ucanews.com reporter, Colombo
Updated: January 15, 2016 08:09 AM GMT
Sri Lanka's President Maithripala Sirisena presents a plaque commemorating Gnanartha Pradeepaya's 150 years of publishing to Cardinal Malcolm Ranjith. At the extreme left is the paper's editor, Father Shanthasagara Hettiarachchi. (Photo by E.S. Dias)
Cardinal Malcolm Ranjith has urged his fellow Sri Lankans to leave old hatreds behind and criticized some of the country's media for purposefully promoting division.
Speaking at an event celebrating Sri Lanka's oldest Catholic newspaper, Cardinal Ranjith said that the country must make a shift from where they identify themselves based on race or religion.
"We must move away from the era when we thought of ourselves as Sinhala, Tamil or Muslim individually or as Buddhist, Hindu, Islamic or Catholic," Cardinal Ranjith told those attending the 150th anniversary of Gnanartha Pradeepaya newspaper on Jan. 11.
"What is required of us today is not to indulge in the hateful, racial and religious ideologies that can result in being imprisoned in the dark attitudes of the past," he said at the event which was also attended by Sri Lanka’s president, Maithripala Sirisena.
"It is need of the times to be bold enough to ban political parties and other extremists that base their manifestoes on racial and religious ideologies."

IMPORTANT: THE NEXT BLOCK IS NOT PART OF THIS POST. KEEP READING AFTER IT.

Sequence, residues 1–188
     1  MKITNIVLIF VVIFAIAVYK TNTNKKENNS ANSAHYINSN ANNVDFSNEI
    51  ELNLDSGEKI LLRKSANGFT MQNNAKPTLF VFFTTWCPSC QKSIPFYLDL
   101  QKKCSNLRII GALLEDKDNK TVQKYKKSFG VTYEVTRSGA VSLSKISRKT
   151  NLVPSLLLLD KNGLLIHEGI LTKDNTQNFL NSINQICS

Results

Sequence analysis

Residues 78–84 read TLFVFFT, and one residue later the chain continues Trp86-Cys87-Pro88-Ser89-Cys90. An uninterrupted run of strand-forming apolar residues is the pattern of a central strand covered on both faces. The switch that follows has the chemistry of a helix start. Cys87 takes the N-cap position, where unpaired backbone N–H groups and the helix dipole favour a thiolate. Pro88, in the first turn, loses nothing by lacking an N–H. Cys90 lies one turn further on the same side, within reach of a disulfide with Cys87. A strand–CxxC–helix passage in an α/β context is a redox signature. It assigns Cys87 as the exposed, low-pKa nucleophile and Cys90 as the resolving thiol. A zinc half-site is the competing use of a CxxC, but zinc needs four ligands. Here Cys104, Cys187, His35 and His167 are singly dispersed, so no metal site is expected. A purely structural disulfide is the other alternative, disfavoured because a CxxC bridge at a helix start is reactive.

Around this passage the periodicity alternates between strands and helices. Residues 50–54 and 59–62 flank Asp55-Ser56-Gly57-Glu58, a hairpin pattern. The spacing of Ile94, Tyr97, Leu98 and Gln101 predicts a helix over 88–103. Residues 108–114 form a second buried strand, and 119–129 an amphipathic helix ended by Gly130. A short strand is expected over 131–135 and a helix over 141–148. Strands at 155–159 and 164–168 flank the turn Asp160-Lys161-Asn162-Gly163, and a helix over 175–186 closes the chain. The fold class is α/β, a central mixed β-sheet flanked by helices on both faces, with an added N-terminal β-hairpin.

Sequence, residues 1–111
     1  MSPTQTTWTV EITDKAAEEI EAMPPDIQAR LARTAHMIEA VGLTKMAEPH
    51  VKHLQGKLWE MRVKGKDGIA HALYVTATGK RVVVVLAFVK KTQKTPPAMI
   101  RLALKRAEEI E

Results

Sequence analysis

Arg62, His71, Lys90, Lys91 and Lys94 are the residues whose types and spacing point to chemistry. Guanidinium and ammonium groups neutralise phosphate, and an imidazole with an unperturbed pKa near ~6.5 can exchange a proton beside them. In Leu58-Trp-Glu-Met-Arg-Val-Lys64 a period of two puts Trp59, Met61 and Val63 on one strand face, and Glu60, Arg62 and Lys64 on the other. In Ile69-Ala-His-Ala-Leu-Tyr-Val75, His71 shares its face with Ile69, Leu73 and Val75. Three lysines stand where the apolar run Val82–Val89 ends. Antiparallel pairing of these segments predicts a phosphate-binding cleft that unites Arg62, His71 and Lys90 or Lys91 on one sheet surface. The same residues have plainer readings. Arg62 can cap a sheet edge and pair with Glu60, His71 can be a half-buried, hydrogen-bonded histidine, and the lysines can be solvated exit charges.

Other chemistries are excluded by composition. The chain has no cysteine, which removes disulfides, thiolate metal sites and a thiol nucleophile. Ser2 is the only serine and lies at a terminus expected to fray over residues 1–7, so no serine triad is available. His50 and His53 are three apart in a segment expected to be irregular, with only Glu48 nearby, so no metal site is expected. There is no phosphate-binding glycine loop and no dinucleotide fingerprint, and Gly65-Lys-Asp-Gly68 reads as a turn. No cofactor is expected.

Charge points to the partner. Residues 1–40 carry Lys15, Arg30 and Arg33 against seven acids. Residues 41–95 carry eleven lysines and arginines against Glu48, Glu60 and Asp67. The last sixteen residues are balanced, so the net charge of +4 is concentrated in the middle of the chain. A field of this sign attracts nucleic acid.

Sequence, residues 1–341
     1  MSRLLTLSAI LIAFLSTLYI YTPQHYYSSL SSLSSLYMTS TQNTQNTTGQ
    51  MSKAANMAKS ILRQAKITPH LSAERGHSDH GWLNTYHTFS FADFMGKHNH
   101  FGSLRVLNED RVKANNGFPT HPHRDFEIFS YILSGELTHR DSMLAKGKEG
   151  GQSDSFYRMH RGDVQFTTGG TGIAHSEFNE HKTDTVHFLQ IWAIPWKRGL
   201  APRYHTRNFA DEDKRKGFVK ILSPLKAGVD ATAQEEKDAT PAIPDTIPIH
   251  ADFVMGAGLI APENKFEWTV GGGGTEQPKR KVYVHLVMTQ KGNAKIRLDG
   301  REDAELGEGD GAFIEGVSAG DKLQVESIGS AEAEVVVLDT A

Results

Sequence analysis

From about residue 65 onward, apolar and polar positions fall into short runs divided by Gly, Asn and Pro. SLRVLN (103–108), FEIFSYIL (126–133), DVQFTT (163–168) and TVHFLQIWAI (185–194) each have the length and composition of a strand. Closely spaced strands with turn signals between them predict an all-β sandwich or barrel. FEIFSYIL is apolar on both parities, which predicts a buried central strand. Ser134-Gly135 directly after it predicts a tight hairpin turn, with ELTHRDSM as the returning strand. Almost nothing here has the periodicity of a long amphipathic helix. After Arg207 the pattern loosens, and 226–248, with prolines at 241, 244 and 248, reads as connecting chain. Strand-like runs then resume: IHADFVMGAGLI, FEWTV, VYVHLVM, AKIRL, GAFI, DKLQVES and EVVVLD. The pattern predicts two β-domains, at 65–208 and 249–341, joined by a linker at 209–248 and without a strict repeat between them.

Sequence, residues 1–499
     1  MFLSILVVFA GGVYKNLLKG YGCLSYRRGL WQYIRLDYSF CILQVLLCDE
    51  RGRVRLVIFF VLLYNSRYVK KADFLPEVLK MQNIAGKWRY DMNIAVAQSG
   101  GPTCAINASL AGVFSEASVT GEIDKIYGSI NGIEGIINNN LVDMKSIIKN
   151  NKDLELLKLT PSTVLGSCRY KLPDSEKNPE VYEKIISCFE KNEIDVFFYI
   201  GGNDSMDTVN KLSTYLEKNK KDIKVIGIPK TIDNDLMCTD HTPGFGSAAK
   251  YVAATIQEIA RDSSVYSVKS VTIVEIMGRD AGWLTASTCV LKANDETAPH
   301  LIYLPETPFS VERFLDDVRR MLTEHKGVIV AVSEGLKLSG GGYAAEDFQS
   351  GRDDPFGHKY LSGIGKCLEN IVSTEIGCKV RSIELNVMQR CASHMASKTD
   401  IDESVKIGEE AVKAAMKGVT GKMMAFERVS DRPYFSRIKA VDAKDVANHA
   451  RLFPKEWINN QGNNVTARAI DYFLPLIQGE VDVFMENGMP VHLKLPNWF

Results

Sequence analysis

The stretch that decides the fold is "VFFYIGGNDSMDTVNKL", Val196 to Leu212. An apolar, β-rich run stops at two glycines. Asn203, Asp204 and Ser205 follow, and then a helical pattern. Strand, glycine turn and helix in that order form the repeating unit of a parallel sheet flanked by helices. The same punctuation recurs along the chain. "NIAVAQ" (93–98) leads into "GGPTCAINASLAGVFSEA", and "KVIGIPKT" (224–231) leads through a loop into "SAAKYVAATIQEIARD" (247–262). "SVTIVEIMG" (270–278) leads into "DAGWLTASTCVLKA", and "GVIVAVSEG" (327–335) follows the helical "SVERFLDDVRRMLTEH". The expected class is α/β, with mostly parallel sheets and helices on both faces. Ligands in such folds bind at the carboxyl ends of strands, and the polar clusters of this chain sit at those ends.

Cardinal Ranjith added that such parties are divisive and work against national harmony.
"It is our primary responsibility to protect the identity of the majority and at the same time to protect the identities of minorities," he said.
Today 70 percent of Sri Lanka's 21 million people identify as Buddhist, 10 percent as Muslim, 12 percent as Hindus and 7 percent as Christian.
"Some mass media try to gain cheap popularity through igniting racial and religious disharmony and mistrust," said Cardinal Ranjith.
In 2014, the United Nations rights office said there were 88 attacks against Muslims and 55 against Christians.
Bodu Bala Sena, a radical Sinhalese Buddhist nationalist organization last year joined hands with a collection of controversial organizations from Myanmar to campaign against Muslims and Christians.
Father Shanthasagara Hettiarachchi, editor of Gnanartha Pradeepaya, echoed the cardinal's statement on banning political groups in Sri Lanka who promote hateful, racial and religious ideologies.
Religious minorities should not try and control society, he said, but should understand the common Buddhist culture and through that, people would be able to work together accordingly.
Racial divisions were at the heart of the Sri Lankan government's 25-year-old war against the Liberation Tigers of Tamil Eelam who fought for a separate Tamil homeland in the country's north and east. Both sides were accused of gross human rights violations during the conflict, which ended in May 2009. Between 70,000 and 80,000 people died as a result of the war.